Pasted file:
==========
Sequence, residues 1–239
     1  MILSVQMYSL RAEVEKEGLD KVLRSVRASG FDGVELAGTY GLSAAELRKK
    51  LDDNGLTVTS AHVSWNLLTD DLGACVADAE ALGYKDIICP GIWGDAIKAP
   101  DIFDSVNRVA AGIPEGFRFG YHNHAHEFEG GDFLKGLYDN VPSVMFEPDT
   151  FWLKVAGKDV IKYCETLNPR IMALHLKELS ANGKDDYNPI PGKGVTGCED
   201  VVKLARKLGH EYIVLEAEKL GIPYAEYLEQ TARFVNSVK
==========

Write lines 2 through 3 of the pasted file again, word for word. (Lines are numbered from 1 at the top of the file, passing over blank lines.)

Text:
     1  MILSVQMYSL RAEVEKEGLD KVLRSVRASG FDGVELAGTY GLSAAELRKK
    51  LDDNGLTVTS AHVSWNLLTD DLGACVADAE ALGYKDIICP GIWGDAIKAP